“Would you make 100 copies of this document and drop them off at our client’s office? Oh, and on your way, would you deposit this cheque at the bank, please.”
What! You can’t believe what you’re hearing.
“Does this guy realize that I have a masters’ degree? Does he think I’m the messenger? Is he not seeing me right?”
Of course these thoughts are going on silently in your mind, behind a carefully painted on smile.
“Of course,” you say wryly, taking the documents. You don’t trust yourself to say more than that, and besides, you’re busy swallowing the sentiments you would much rather express.
You may not be feeling terribly happy about this scenario, but picture this – your boss is only making you to go an additional mile. If you subscribe to the ‘extra mile’ philosophy (it might even be something you put down in your CV during your job hunting days), you would say something like this:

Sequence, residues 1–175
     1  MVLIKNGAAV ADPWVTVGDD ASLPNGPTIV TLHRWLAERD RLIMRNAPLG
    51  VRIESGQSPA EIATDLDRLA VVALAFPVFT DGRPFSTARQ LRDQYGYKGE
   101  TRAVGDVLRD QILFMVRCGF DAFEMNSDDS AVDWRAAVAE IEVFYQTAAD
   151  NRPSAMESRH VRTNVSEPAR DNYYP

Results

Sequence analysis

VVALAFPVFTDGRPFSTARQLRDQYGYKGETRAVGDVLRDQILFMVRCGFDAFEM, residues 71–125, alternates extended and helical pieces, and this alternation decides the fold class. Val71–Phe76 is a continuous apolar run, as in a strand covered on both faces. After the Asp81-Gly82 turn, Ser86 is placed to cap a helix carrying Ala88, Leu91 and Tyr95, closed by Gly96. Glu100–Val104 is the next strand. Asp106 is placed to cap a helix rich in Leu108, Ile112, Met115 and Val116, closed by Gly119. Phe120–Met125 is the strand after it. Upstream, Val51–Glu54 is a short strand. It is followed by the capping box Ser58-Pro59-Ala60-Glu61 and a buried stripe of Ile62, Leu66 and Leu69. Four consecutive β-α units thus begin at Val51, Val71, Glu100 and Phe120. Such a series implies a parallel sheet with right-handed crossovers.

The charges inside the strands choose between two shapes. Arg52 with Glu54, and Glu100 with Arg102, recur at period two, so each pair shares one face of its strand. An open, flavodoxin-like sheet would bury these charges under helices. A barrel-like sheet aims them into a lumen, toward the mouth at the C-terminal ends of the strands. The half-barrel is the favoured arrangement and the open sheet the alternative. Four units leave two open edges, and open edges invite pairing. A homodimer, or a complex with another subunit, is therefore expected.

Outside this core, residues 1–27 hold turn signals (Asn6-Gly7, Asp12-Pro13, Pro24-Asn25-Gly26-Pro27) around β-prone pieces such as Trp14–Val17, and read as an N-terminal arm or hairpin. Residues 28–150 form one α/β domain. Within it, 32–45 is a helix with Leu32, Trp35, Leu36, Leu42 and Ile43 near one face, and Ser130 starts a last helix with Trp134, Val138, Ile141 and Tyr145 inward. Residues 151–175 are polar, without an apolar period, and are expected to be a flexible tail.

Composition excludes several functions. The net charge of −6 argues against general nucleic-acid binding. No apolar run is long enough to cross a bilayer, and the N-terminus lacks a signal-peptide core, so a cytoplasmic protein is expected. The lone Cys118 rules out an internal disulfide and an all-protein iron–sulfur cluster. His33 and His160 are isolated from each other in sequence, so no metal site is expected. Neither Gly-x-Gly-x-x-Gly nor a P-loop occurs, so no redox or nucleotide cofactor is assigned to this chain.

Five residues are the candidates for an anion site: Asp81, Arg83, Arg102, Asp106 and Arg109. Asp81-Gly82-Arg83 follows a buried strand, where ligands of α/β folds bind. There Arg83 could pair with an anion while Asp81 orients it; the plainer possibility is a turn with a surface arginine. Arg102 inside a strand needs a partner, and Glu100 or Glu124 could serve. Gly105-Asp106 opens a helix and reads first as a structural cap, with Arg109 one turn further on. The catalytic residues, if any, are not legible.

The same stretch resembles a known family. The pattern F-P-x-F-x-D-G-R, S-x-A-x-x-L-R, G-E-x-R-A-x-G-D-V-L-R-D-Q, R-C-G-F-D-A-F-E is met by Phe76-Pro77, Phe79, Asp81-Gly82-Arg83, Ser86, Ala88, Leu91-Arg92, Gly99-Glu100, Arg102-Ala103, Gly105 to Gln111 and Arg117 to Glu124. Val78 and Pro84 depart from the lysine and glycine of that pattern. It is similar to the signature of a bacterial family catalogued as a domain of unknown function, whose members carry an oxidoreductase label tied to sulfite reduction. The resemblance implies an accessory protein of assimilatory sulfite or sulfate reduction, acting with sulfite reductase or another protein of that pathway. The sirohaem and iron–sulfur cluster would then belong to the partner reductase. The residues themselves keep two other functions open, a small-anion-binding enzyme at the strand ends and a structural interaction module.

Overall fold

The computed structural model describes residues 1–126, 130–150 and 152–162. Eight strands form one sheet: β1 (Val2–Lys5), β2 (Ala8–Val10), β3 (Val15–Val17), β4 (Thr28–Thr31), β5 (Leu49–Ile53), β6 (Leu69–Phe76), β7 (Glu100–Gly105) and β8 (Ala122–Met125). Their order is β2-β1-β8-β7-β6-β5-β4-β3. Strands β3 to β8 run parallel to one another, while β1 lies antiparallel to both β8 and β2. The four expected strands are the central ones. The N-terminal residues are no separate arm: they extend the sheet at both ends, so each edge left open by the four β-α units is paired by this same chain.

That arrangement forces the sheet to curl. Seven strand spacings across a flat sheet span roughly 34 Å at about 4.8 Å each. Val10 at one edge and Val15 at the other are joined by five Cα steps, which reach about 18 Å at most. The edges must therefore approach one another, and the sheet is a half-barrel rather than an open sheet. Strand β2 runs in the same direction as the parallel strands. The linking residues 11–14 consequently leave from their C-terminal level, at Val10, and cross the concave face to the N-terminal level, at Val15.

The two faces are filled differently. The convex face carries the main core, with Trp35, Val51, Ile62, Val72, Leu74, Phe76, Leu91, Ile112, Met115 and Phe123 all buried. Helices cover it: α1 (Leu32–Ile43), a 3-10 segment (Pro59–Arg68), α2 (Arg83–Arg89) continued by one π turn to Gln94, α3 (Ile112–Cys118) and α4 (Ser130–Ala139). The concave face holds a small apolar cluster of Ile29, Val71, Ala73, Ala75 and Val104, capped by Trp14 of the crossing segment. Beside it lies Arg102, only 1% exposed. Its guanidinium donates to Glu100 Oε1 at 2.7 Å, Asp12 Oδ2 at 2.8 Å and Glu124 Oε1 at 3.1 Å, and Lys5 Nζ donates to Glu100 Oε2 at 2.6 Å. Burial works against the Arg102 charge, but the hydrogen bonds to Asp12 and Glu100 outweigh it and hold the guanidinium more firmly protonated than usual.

“Sir, the coffee shop is right next to the bank. Shall I pick you a Latte on my way back?”
Never mind that he hardly remembers to make any refunds.
The first mile you were forced to go was difficult enough. Why would you take on the extra one?
The answer lies in one of the work habits of highly successful people.
Every day, people around the world are forced to go just the extra one mile. They reluctantly do it because they really don’t see any alternative. The bills are piling up and they need the pay cheque. That’s the bottom line. You’ll meet many on the road doing this single forced mile.
Most people quit at the end of that first mile and will not go one step further. But the voluntary second mile is not so populated. The second mile is really about the habitual attitude of willingness to give more and better service; to go beyond the expected; to have personal initiative. The second mile is the one that sets you free.